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Elmiron manufacturer Janssen Pharmaceuticals is defending a growing number of lawsuits filed by patients who took the drug and later suffered from vision loss. A new study recently published in the journal Clinical Ophthalmology gives those plaintiffs more evidence that Elmiron (pentosan polysulfate sodium or PPS) can have a unique negative effect on the eye, sometimes causing distinct pigmentary changes that are not related to any other eye health condition.

Scientists Identify Unique Elmiron-Related Eye Disease

Scientists from Northwestern University reviewed data from patients who were seen at the ophthalmology clinic between January 2002 and January 2019. They noted various facts about each patient, including their visual acuity, the reason for going to the clinic, any eye health conditions, and how long they took PPS. They also looked at images taken of the eyes when they were available.

They found a total of 131 patients who were exposed to PPS and seen at the clinic. Forty of them had images taken of their eyes. Of those, five had features suspicious for “PPS maculopathy.” This is a progressive eye health condition identified in previous studies as being linked to PPS. Of the remaining 91 patients, five had similar macular pigmentary changes described in their exam reports.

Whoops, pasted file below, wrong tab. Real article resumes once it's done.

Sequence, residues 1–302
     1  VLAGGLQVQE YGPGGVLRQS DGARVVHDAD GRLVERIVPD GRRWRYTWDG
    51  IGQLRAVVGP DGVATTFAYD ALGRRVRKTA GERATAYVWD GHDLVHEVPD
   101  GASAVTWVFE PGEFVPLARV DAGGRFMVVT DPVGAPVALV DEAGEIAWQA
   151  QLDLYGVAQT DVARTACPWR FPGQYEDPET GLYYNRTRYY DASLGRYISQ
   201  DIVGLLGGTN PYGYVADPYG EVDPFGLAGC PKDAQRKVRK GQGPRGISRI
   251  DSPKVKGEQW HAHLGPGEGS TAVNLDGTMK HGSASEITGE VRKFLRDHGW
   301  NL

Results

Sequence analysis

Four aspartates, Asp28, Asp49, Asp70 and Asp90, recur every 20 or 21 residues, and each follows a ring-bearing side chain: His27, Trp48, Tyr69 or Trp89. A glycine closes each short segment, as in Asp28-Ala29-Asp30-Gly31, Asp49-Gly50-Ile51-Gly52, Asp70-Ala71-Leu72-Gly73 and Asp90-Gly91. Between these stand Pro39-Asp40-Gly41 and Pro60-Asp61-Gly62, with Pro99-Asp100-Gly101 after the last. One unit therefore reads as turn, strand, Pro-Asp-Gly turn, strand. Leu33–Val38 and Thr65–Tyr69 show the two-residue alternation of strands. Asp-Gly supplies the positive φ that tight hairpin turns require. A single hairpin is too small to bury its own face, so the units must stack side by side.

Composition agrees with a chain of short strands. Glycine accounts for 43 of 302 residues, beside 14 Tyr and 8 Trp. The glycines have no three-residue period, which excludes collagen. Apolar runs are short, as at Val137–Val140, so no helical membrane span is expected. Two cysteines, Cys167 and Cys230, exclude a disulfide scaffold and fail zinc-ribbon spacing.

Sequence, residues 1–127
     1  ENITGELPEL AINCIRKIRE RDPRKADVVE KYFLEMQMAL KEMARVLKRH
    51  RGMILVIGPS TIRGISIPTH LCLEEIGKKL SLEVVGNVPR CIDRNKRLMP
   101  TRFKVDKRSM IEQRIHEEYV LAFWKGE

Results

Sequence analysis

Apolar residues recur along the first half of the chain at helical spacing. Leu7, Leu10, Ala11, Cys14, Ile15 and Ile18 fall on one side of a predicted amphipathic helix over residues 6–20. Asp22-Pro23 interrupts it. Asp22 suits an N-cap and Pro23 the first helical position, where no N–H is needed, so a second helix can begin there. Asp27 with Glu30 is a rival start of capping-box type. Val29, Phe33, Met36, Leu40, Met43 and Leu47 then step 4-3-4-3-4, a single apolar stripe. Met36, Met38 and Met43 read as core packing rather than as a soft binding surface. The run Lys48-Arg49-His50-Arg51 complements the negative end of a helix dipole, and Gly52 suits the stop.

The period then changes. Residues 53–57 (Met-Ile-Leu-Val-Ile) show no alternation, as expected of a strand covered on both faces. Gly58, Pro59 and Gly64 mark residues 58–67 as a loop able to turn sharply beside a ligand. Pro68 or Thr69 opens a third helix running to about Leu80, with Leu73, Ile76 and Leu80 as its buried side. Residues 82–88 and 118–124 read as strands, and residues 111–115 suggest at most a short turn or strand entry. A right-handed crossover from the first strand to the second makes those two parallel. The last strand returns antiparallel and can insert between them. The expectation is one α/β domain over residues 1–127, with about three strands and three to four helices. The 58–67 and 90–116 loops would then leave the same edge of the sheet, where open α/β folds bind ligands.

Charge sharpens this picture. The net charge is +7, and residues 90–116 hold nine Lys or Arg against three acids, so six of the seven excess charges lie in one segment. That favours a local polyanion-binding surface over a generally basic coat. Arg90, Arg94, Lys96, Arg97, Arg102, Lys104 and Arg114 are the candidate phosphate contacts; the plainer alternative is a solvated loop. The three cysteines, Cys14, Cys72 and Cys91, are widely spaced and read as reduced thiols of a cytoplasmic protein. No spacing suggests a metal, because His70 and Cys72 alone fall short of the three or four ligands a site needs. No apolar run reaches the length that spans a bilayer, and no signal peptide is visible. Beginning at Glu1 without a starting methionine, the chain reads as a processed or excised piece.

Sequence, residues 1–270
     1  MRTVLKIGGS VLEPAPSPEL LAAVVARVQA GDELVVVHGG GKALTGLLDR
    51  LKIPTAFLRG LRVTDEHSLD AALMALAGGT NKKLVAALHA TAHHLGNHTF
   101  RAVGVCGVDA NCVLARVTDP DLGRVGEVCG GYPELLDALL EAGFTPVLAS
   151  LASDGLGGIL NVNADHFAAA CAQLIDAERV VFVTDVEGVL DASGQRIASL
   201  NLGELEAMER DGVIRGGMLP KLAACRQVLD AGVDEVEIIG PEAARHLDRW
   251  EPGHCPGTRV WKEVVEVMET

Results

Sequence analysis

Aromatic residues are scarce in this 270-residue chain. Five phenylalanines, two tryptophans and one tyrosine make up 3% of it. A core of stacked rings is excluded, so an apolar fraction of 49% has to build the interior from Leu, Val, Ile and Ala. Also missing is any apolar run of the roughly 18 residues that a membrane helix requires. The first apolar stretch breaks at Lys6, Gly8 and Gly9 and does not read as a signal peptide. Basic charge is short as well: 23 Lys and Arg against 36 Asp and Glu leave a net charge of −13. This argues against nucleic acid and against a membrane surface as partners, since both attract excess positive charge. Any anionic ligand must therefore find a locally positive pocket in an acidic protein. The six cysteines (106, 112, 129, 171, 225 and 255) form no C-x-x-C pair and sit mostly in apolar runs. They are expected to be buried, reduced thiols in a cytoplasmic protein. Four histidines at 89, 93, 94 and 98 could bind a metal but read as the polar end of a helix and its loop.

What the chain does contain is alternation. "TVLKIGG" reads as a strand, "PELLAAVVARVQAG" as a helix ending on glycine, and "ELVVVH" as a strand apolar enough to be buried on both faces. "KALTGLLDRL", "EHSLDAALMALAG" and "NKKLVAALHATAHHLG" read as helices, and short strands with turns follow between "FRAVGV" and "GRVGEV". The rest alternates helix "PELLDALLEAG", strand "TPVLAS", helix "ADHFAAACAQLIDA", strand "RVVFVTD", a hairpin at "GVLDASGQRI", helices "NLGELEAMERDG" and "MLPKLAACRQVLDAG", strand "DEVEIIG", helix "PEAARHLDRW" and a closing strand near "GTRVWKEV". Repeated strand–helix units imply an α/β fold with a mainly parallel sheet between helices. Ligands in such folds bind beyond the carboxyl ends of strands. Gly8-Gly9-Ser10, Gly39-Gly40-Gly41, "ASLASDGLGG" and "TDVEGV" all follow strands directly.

Among the 10 patients diagnosed with PPS-related eye problems, the average duration of their time on the drug was 4.2 years. The scientists concluded that a “novel drug-induced maculopathy has been associated with PPS use with a distinct clinical constellation that can be accurately identified with multimodal imaging.”

In other words, Elmiron is associated with a unique type of eye condition that is unlike any other and is easy to identify in images taken of the eye.

Several Studies Report a Link Between Elmiron and Vision Damage

Other scientists, when examining PPS use in patients experiencing vision problems, have come up with similar findings. In a 2018 study published in Ophthalmology, researchers reported on six patients who were suffering from visual symptoms including difficulty reading and seeing in low light conditions. Imaging showed subtle hyperpigmentation (dark spots) on the retina of the eye.

In a 2019 study published in the Journal of Urology, researchers identified 10 patients who reported similar visual problems—difficulty reading and seeing well in dim lighting. They had all been taking PPS. Imaging showed the same type of dark spots on the retina, a condition that scientists called “pigmentary maculopathy.”

More studies followed, all suggesting that long-term intake of Elmiron can increase the risk of suffering this unique type of vision damage. Janssen Pharmaceuticals, however, continued to sell its product without any updated warnings, leaving many patients and their doctors in the dark. It wasn’t until June 2020 that the company finally updated the Elmiron label to warn that pigmentary maculopathy had been seen in patients taking the drug.

Currently, over 200 Elmiron lawsuits have been filed against Janssen, with all of the federal cases consolidated into the District of New Jersey in December 2020.

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